• I prefer the semantics of the name and definition: a license can include  restrictions of use as well as grant rights and permissions.
  • the range, i.e. the type of value that can be provided, includes Creative Works as well as Urls

That last points allows one to encode the name, url, description, date, accountable person and a whole host of other information about the licence (albeit at the cost of the not being able to do so alongside LRMI’s useRightsUrl quite so simply)


The inclusion in of the license property is good news for aims for LRMI. If you use LRMI and care about licensing you should tag the information you provide about the license with it. If you already use LRMI’s useRightsUrl or RDFa’s rel=”license” there is no need to stop doing so.


You are free to adapt the What is briefing

Editable files for the What is briefing are now available from the Cetis Publications site. The process of enabling editable copies of this publication has leads me to some reflections on the publishing workflow behind it.

We published What is a Cetis briefing paper for LRMI in June, as with most of Cetis’s publications it is covered by a CC Attribution licence so, according to the terms of that  licence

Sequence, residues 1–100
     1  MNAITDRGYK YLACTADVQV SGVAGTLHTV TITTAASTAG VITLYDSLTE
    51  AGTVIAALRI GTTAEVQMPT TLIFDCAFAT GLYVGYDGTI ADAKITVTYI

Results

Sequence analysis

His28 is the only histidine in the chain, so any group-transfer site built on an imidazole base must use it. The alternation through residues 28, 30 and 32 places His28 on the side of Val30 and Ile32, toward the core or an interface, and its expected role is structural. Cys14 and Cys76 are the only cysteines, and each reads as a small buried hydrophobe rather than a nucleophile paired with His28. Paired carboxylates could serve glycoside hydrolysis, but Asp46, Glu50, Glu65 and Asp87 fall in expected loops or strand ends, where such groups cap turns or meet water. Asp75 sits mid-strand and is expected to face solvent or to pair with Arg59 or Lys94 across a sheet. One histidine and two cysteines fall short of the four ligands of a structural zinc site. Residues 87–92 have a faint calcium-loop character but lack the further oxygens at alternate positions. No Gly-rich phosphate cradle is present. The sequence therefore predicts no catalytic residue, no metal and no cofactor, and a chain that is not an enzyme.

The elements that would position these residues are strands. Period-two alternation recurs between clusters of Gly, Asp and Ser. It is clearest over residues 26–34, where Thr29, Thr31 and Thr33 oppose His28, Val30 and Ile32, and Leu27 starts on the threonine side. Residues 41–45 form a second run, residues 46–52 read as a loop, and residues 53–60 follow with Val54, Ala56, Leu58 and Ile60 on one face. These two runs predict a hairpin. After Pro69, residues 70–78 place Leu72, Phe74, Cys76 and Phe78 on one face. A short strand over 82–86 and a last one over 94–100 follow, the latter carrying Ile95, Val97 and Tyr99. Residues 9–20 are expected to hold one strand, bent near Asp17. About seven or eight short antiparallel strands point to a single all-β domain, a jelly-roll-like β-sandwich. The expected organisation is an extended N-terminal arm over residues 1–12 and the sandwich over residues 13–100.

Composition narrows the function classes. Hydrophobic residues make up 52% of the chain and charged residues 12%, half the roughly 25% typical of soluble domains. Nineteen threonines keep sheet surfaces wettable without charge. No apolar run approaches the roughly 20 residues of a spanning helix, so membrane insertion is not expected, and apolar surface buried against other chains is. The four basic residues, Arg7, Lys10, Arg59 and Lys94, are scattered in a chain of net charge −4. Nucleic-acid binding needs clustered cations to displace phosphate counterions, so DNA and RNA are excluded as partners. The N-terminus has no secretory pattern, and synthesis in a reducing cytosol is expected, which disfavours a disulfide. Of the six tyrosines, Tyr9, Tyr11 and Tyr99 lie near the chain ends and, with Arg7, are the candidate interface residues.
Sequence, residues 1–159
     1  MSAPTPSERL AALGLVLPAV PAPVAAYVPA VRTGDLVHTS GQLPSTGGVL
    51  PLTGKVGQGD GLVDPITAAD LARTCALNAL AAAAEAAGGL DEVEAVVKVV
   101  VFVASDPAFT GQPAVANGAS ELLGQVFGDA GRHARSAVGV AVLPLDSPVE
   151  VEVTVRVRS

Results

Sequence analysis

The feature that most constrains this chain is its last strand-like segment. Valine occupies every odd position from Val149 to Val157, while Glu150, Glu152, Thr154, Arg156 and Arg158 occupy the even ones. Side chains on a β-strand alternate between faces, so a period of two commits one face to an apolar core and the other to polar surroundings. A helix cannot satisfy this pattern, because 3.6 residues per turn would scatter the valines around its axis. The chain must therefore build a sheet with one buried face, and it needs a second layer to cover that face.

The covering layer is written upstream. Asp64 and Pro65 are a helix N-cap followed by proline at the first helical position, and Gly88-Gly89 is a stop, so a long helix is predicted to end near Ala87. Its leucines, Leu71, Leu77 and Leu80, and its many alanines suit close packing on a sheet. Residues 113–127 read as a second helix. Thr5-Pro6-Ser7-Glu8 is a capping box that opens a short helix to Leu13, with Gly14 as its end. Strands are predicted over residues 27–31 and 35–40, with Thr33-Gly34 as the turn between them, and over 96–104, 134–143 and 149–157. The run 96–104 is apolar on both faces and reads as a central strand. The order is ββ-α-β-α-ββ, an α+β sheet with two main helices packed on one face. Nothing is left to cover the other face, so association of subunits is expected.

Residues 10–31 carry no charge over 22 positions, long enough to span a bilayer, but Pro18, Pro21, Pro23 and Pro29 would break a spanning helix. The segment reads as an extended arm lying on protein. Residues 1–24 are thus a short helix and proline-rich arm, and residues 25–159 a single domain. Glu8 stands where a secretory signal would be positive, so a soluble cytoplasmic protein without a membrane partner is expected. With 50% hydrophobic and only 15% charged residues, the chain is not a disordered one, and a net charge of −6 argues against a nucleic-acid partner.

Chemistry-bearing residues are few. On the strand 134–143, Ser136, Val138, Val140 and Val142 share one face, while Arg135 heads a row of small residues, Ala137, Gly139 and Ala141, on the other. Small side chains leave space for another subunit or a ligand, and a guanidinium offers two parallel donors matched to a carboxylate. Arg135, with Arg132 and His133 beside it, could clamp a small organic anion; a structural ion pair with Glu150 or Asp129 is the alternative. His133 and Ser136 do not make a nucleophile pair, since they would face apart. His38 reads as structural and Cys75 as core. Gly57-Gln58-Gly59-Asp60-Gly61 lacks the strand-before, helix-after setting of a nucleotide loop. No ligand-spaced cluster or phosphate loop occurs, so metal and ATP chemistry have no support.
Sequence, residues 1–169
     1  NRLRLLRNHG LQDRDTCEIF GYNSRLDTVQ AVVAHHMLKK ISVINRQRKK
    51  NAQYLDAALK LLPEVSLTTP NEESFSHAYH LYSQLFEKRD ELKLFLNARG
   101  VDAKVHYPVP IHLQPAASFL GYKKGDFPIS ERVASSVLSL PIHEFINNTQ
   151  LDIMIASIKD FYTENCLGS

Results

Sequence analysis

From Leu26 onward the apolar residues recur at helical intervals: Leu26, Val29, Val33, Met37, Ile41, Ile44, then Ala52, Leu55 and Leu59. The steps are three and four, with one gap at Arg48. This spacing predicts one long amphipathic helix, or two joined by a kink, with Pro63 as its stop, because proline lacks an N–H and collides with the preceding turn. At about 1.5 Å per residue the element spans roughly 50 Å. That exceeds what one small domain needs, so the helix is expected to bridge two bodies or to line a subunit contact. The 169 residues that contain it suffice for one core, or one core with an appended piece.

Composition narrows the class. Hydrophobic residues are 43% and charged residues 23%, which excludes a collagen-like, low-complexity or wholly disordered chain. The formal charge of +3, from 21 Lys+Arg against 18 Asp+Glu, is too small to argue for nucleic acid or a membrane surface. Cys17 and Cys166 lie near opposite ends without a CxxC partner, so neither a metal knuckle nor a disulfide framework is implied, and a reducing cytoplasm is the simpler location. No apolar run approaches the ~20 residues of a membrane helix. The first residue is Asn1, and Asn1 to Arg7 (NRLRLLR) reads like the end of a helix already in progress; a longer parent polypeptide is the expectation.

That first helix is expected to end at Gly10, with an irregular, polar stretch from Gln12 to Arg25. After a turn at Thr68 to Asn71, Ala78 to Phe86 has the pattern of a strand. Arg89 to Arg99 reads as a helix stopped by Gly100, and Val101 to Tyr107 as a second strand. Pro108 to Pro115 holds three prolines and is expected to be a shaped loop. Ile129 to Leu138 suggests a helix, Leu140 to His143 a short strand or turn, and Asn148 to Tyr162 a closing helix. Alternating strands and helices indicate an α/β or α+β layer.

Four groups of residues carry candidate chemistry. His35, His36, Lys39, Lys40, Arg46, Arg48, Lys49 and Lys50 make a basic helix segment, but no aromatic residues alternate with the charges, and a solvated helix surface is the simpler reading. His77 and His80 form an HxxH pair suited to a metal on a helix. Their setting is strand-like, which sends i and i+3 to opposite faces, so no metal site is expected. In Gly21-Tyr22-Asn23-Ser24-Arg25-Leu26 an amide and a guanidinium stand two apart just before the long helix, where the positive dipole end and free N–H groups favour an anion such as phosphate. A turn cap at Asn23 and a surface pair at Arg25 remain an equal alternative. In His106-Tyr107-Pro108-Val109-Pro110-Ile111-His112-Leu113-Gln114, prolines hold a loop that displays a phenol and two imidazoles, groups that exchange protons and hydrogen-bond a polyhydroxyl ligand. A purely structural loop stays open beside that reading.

You are free to:
Share — copy and redistribute the material in any medium or format
Adapt — remix, transform, and build upon the material

Who is using LRMI metadata?


One question that we always get asked about LRMI is “who is using it?” There are two sides to this, use by search service providers and use by resource providers, this post touches on the latter.

In phase 2 of the LRMI project, various organizations were given small amounts of money to implement LRMI in their systems and workflows. Those organizations are listed on the Creative Commons web site, and Lorna is in the process of gathering together the lessons they learnt which will be reported back shortly. Perhaps more importantly, at least from the point of view of sustainability, are implementations that arise spontaneously, either by organizations with learning resources to disseminate who make a conscious decision to use LRMI, or those who in using markup find that one of the properties that LRMI added is appropriate.  Of course no one doing this is under any obligation to inform us of what they are doing, so it is harder to keep track of such use. Fortunately the Google Custom Search Engine Wilbert and I cobbled together  can be used to discover such implementations. It’s a bit hit-and-miss, you need to search for common topics (Math, English) and trawl through the results for new sites,  but it’s better than nothing.

Announcing “What is”, a new technical briefing paper from Cetis

As part of my work with Cetis  for Creative Commons on managing the Learning Resource Metadata Initiative (LRMI), Cetis today publish a new technical briefing paper “What is”.  LRMI is built on and expands so that it can be used to describe educationally significant characteristics of resources. I often find when explaining LRMI at a technical level, mostly I am explaining, hence this briefing as the first of a series coauthored by me and Lorna M Campbell, planned to explain LRMI.